IPM Program Awards Planning Grants

Seventeen planning grants to develop international IPM activities ranging from attacking potato diseases in East Africa to designing IPM programs for fragile ecosystem perennials in Latin America and Caribbean were recently announced by the U.S. Agency for International Development funded IPM Collaborative Research Support Program (IPM-CRSP).

In all, eleven regional planning grants, five global theme planning proposal grants, and one impact assessment grant were awarded, according to the CRSP's management entity. Program partners currently include20 U.S. educational institutions with additional as yet to be named national and international groups expected to become involved.

The planning grants were awarded to bidders for use in a two-step process of articulating programmatic conception, followed by seeking out additional collaborating entities to include in fully fleshed out proposals due for review later this year. A listing of initial proposal preparation grant winners and partner institutions can be found at: www.ag.vt.edu IPM CRSP, 2270 Litton Reaves Hall, Virginia Tech, Blacksburg, VA 24061-0334, USA. Fax: 1-540-231-3519. Phone: 1-540-231-3516.ipm-dir@vt.edu. thanks to M. Rich and E.A. Heinrichs for information.
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U.S. AID's IPM-Collaborative Research Support Program (IPM CRSP)

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IPMNET CALENDAR --- recent additions and revisions to a comprehensive global

(N)ew or [R]evised Entries (only)

2005 (N) 24-25 May * REGISTRATION OF AGROCHEMICALS IN EUROPE, Brussels, BELGIUM. Contact: L. Beachus, IBC, Mortimer House, 37-41 Mortimer St., London W1T 3JH, UK. cust.serv@informa.com. Fax: 44-0-1932-893893. Phone: 44-0-1932-893856. Web: www.ibc 20-24 June * SHORT COURSE: AGROECOLOGICAL PEST MANAGEMENT IN THE PRODUCTION SYSTEM, Havana, CUBA. Contact: L.L. Vazquez, INISAV, CP 11600, Habana, CUBA. LVazquez@inisav.cu. Fax: 537-202-9366. Web: www.inisav.cu. 25-28 June * 2ND ASIAN CONFERENCE ON PLANT PATHOLOGY, Singapore, SINGAPORE. Contact: ACPP, c/o Integrated Meetings Specialist, 1122A Serangoon Rd., Singapore 328206, SINGAPORE. acpp2005@inmeet.com.sg. Fax: 65-629-55792. Web: www.2ndacpp.org. Phone: 65-629-55790.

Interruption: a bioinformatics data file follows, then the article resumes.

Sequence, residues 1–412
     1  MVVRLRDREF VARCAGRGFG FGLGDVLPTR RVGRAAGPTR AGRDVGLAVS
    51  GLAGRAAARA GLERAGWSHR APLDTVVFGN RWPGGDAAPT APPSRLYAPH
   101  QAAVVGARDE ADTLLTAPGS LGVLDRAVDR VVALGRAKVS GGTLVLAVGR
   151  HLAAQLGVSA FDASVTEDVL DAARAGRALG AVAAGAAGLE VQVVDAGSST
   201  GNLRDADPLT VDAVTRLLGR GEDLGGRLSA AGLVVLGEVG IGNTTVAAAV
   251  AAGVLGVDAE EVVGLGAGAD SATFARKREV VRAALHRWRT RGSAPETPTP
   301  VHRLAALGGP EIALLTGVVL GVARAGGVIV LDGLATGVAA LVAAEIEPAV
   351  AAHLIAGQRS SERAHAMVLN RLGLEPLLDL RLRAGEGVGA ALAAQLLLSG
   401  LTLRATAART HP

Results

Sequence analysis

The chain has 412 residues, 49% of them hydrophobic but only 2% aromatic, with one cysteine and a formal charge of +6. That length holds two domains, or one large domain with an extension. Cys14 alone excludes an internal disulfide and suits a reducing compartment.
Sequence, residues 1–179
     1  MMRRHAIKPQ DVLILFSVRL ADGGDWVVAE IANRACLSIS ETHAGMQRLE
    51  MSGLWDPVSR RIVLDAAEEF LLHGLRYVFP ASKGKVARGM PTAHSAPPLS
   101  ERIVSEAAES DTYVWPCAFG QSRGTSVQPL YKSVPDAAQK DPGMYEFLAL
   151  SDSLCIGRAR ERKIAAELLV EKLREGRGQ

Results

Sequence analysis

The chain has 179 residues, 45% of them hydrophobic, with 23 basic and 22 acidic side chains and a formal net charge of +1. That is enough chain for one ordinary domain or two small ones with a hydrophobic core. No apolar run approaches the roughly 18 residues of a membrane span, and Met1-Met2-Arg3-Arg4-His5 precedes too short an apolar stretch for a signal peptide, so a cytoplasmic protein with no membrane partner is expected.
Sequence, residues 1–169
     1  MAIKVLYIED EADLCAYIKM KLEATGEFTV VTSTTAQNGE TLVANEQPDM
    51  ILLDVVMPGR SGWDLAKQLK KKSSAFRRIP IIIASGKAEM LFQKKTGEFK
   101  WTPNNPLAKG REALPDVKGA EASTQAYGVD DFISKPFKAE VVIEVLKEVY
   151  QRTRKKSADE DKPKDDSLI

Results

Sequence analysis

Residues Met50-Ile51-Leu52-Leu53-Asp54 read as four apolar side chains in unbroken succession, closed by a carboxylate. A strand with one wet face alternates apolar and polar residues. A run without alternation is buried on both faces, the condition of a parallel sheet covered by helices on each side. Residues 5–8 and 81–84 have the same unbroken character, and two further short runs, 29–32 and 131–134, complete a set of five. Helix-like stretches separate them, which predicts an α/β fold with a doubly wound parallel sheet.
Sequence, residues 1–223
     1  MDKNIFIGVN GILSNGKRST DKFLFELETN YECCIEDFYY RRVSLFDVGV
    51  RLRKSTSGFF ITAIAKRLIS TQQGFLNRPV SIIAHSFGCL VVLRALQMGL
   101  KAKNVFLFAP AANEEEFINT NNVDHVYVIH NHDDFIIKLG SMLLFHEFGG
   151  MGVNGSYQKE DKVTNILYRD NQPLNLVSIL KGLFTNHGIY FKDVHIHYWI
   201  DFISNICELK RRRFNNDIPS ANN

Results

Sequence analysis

(N) 05-07 October * 26TH CONGRESO ASOCIACION COLOMBIANA DE FITO- PATOLOGIA Y CIENCIAS AFINES (ASCOLFI), Bogota, COLOMBIA. Contact: ASCOLFI, Calle 37A, #27-33, Palmira, Valle, COLOMBIA. ascolfi@telesat.com.co. Fax: 92-275-0557. Web: www.telesat.com.co 26-29 November * 3RD INTERNATIONAL CONFERENCE ON IPM ROLE IN INTEGRATED CROP MANAGEMENT AND IMPACTS ON ENVIRONMENT & AGRICULTURAL PRODUCTS, Giza, EGYPT. Contact: A.A. Hamed, Prog. Comm. Chair, 7 Nadi El-Seid St., Dokki, Giza, EGYPT. Fax: 20-336-5175. Phone: 20-337-2193. plant_protection@hotmail.com. Web: www.arabscientist.org

(N) 22-26 May * 20TH INTERNATIONAL SYMPOSIUM ON VIRUS AND VIRUS-LIKE DISEASES OF TEMPERATE FRUIT CROPS, and 11TH INTERNATIONAL SYMPOSIUM OF SMALL FRUIT VIRUS DISEASES, Antalya, TURKEY. Contact: K. Caglayan, Plant Prot. Dept., Mustafa Kemal Univ., 31034 Antakya-Hatay, TURKEY. Fax: 90-326-245-5832. Caglayan@mku.edu.tr. Phone: 90-326-245 5836.

(N) 20-26 August * 8TH INTERNATIONAL MYCOLOGICAL CONGRESS, Cairns, AUSTRALIA. Contact: C. Pearce, DPI, PO Box 652, Cairns, QLD 4870, AUSTRALIA. Ceri.Pearce@dpi.qld.gov.au. Fax: 61-7-4035-5474. Phone: 61-7-4044-1642.

(N) 11-14 September * 7TH INTERNATIONAL WORKSHOP ON BIOLOGICAL CONTROL AND MANAGEMENT OF CHROMOLAENA AND MIKANIA, Pingtung/ Taiwan, REPUBLIC OF CHINA. Contact: R. Muniappan, AES, Univ. of Guam, Mangilao, Guam 96923, USA. Fax: 1-671-734-6842. RMuni@uog9.uog.edu. Phone: 1-671-735-2142.

(N) 19-22 November * 9TH ARAB CONGRESS OF PLANT PROTECTION, Damascus, SYRIA. Contact: S. Al-Chabi, GSCAR, PO Box 113, Douma, SYRIA. S.Shaabi@acpp-sy.org. Web: www.9acpp * 2010

No (N) ew or [R]evised listings to report for these years.